The first cruising couple I ever met who was sailing an aluminum boat told me an interesting story. They were French—of course. They’d been anchored a long time and had a lot of growth on their hull. When finally they decided to move on, they jumped in the water to scrape the boat clean. When they climbed back aboard they found their previously perfectly dry bilge sump was slowly filling with water. As they searched frantically for the leak, the flow of water suddenly stopped. Mystified, they jumped overboard again to see if they’d missed anything and found a jellyfish clinging to the hull, so they knocked it off. When they climbed back aboard they found the boat was leaking again.
Eventually, they figured out what was going on. A tiny camera battery had fallen out of a drawer into the bilge. It slowly ate its way through the hull but was held in place by the heavy growth. When the growth was scraped off, the battery fell out of the tiny hole it had created. The jellyfish came along and—schlup!—got sucked in over the hole.
American sailors point to tales like this as evidence of why aluminum boats should be avoided. They’ll also try to scare you with comments about evil bogey-people casting pennies into your bilge. Somehow stories about fiberglass hulls ravaged by osmotic blisters don’t seem to bother them much.
The fact is you can build a boat out of almost anything. Bernard Moitessier, when stranded on Trinidad with no money, even cooked up a plan to build a boat out of tar and newspaper. He got the idea from junks he’d seen as a boy in Indochina that were constructed of bamboo wickerwork covered with cow dung, oil and resin. He went on, of course, to become famous sailing a steel boat around the world.
Every hull material has its advantages and disadvantages. Wood, fiberglass, aluminum, steel, cow dung and bamboo, they all have their Achilles heels. As in so many things, it’s a matter of picking your poison.
I sailed fiberglass boats for many years and was often annoyed by deck leaks. I had one old boat that took on water every time you buried the rail. The whole hull-deck joint leaked like a sieve. Skippering a much newer glass boat on a delivery years later, I was alarmed when the electronics cut out after we spent a few hours heeled over in strong weather. I wasn’t surprised when I discovered the electronic junctions under the nav seat had all been drowned by a deck-joint leak. It’s the sort of thing that just gets boring after a while.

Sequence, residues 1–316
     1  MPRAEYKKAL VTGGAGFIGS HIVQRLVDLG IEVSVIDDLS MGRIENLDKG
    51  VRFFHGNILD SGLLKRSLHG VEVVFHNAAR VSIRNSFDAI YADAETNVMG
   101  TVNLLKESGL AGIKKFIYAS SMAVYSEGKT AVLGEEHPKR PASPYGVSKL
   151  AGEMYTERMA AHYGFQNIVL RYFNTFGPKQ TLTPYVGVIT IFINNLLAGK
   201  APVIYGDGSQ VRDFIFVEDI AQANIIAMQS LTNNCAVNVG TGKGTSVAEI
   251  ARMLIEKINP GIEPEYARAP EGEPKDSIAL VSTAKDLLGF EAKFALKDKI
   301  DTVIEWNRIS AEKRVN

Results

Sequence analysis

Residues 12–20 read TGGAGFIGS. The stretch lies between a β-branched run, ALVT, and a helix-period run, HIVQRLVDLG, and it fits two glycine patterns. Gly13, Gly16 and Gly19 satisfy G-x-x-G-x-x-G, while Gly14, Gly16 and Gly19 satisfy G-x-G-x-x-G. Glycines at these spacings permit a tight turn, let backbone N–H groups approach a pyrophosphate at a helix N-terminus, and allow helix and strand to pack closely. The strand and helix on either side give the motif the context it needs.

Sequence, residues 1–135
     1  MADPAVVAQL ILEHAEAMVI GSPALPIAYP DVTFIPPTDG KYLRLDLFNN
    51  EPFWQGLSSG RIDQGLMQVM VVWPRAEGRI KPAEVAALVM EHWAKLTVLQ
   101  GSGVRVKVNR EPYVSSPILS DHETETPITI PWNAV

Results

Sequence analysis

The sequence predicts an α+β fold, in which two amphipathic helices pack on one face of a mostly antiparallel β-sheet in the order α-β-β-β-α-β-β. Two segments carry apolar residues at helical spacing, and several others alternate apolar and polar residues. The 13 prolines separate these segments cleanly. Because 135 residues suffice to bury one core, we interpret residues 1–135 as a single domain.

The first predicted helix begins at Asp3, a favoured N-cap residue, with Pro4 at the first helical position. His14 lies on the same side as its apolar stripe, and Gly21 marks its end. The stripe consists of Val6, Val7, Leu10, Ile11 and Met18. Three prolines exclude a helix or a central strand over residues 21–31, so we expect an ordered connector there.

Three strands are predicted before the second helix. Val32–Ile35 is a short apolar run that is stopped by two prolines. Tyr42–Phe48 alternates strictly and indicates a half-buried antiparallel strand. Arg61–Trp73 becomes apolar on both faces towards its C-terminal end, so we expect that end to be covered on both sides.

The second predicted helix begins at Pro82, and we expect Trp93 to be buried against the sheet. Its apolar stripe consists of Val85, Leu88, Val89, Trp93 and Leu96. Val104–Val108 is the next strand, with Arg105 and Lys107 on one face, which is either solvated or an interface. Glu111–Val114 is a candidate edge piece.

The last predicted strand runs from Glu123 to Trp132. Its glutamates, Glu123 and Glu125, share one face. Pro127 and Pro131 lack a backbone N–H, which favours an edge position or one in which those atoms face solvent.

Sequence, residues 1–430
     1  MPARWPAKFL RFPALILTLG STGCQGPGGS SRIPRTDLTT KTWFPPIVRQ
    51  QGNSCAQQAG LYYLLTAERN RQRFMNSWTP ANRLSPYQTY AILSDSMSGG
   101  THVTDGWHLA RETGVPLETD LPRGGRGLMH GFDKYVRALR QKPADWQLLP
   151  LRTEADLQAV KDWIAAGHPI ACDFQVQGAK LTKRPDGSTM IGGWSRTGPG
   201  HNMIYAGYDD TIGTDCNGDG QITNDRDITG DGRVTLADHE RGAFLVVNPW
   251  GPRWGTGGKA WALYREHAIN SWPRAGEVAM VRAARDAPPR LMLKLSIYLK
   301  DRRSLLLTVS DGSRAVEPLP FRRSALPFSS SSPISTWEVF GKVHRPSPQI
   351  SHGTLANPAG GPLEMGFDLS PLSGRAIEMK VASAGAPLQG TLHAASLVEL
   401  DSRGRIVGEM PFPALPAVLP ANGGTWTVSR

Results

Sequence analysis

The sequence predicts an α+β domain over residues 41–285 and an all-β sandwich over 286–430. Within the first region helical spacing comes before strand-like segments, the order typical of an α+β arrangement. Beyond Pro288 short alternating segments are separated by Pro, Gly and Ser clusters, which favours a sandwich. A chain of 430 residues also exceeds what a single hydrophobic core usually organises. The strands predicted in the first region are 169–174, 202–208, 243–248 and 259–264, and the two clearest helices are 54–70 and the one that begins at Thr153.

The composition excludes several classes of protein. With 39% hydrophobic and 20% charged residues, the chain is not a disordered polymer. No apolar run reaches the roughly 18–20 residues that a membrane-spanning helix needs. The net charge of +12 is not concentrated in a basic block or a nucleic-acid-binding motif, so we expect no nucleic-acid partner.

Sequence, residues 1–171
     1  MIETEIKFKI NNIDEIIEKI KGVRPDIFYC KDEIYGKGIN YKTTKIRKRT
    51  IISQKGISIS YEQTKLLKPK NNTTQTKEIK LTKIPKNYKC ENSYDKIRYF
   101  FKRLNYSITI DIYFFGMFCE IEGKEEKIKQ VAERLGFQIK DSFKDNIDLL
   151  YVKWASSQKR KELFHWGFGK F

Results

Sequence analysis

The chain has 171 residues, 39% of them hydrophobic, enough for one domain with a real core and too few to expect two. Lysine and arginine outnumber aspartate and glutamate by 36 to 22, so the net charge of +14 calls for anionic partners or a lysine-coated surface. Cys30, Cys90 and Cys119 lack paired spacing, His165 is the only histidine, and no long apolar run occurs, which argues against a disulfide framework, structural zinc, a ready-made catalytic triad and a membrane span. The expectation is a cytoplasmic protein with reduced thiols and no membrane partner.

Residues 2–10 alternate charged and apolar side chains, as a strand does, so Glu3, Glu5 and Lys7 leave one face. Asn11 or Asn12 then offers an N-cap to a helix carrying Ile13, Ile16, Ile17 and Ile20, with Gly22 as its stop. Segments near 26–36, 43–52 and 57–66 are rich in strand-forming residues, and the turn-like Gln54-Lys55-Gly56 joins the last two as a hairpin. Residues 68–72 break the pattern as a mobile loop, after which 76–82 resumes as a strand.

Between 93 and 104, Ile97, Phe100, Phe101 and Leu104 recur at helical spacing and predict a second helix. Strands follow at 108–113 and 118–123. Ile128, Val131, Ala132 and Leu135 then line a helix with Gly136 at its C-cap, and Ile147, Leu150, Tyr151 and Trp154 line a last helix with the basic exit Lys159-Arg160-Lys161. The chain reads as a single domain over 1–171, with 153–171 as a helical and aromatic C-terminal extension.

I’ve now been sailing aluminum boats for going on 15 years. I haven’t had a single deck leak, though there have been other issues. Yes, I do have to keep the bilges super-clean to thwart the penny-flinging bogey-people, and I’m afraid to leave my boat unattended while plugged into shorepower, lest it be transformed into a giant sacrificial anode. I’ve also noticed aluminum doesn’t hold paint very well.
On the other hand, aluminum doesn’t really need painting, so you can just let it go if you want. It’s a fantastic material for people, like me, who excel at neglecting cosmetic maintenance. It’s also quite light, no heavier than fiberglass, so it doesn’t really cost anything in terms of performance.
I was reminded of what I most like about aluminum as a hull material this past summer while cruising the coast of Maine. I was sailing down a narrow, buoyed channel, and got distracted chatting with my charming, lovely wife. All of a sudden there was a thunderous banging noise. I’d failed to account for how much the current was setting us and collided with a big red nun. Ouch!
A few hours later, after we anchored, I got in the dinghy and searched around the hull looking for damage. Finally, I found it, a tiny dent, no bigger than a camera battery, on the aft port quarter. In the middle of the dent was a speck of red paint from the nun. I debated whether to clean it off with some acetone, but decided to leave it, as a badge of honor.